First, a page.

Conduct and Duration of Mediation Proceedings
ICC Mediation is a very flexible process and the Rules do not prescribe how the mediation or other settlement technique should be conducted.
Conduct of the mediation
The procedure can be adapted to the needs of the parties, including
their cultural and legal backgrounds, and the specifics of the dispute. The conduct of the mediation
should be discussed and agreed between the parties and with the mediator, who
must display fairness and impartiality when establishing the procedure.
The parties’ agreement to
participate in the mediation proceedings pursuant to the ICC Mediation Rules implies
that they are at least committed until an initial meeting or discussion with
the mediator has taken place and, further to that discussion, the parties have
received a note from the mediator setting out how the mediation is to be
conducted. Parties benefit from such a first meeting with the Mediator to
discuss specificities of conducting proceedings, how they could be structured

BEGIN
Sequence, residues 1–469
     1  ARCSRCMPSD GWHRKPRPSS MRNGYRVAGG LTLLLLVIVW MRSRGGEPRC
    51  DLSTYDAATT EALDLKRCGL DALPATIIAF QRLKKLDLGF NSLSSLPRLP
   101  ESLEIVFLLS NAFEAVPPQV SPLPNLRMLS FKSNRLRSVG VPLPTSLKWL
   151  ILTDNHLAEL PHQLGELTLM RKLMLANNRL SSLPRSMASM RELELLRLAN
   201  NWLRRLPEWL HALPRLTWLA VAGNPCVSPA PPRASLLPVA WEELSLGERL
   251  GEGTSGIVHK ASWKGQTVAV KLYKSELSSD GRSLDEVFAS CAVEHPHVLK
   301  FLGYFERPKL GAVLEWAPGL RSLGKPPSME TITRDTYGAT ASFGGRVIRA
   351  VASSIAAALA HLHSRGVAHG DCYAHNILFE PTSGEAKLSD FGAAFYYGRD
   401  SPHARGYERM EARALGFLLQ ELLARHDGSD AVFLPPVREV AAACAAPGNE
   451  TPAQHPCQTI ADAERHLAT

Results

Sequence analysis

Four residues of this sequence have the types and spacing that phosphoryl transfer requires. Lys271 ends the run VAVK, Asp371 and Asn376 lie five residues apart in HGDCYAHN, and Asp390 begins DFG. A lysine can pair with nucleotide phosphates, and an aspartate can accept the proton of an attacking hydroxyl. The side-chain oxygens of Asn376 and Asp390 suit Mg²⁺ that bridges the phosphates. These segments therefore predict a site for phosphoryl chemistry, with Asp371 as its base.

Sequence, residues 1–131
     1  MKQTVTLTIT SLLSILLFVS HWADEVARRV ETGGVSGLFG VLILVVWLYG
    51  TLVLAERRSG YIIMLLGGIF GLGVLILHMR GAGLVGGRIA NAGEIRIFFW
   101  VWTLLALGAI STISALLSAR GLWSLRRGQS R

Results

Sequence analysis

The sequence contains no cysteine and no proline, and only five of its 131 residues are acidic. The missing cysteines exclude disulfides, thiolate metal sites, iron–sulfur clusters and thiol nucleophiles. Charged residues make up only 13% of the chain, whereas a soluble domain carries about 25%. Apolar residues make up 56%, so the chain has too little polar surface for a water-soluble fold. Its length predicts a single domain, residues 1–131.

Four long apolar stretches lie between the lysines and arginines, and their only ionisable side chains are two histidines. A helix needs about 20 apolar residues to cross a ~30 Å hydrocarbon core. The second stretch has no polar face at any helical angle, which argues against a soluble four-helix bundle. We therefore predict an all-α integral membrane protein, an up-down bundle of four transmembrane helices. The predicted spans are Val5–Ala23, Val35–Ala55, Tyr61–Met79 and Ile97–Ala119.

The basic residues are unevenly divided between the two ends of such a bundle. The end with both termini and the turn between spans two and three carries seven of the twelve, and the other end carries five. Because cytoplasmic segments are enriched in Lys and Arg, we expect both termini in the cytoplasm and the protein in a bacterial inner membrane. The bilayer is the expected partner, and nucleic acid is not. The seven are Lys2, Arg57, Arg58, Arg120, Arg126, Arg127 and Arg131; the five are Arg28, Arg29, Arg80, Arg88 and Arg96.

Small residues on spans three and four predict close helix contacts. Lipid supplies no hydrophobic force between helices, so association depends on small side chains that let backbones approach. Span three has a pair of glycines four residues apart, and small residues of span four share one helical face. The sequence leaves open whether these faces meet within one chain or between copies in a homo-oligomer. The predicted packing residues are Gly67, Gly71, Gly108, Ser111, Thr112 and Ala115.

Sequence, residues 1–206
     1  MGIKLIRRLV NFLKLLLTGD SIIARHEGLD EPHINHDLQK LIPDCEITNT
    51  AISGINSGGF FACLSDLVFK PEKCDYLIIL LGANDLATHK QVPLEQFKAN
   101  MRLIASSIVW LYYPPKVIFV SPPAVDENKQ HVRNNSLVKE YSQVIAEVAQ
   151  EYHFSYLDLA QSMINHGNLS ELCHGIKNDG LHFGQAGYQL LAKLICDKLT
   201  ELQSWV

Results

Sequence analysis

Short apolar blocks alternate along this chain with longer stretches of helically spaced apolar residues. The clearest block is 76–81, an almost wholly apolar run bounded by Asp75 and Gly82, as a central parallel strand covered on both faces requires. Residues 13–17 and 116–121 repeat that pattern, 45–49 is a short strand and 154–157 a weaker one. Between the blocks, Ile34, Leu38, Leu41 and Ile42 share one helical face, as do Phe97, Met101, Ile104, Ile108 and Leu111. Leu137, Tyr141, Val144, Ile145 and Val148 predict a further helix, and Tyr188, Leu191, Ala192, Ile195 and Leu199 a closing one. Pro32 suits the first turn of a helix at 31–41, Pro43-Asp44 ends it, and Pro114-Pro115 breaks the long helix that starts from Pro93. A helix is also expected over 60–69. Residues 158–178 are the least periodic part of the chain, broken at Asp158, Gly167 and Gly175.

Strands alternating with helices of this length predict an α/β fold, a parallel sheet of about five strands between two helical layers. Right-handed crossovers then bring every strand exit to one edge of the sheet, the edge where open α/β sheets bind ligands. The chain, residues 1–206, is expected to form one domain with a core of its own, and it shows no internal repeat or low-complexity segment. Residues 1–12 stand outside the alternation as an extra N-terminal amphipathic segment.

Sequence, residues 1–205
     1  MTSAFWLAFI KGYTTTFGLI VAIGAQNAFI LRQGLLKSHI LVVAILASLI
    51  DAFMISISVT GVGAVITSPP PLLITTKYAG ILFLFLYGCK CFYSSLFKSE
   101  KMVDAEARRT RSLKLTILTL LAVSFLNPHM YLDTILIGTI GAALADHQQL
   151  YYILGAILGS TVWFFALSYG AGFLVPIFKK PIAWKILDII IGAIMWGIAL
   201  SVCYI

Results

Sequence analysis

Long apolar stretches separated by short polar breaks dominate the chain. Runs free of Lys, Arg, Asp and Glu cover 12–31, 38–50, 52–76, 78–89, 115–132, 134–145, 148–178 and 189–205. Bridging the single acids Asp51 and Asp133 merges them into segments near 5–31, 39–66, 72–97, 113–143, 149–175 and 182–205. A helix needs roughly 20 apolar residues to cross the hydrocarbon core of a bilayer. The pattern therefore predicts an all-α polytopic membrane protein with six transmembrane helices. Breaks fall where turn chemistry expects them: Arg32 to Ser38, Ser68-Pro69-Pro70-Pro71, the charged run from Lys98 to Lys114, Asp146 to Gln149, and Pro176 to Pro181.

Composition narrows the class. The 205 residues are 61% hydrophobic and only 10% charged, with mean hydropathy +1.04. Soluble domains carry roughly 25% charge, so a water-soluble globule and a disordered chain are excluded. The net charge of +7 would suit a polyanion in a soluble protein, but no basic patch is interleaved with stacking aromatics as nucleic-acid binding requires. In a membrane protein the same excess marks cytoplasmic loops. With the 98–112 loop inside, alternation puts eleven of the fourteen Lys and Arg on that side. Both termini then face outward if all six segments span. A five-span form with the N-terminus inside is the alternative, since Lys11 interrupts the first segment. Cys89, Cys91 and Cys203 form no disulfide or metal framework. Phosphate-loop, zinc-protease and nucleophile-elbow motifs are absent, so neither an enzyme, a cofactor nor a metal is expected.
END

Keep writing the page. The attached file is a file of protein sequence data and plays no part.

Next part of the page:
and what type of results can be achieved.
There is no defined timetable for Mediations
However, the average duration of proceedings is four months from the date the Request for Mediation is filed to the end of the proceeding.
The majority of that time is spent by the parties to set-up and prepare for the meetings with the Mediator (including deciding on the place, language, technique and appointing the Mediator and paying the deposit).
The actual meetings with the Mediator usually last one –two days. However, in some cases the parties might wish to meet more often, in other cases the parties might opt to discuss by video conference or other means to limit the costs associated with physical meetings.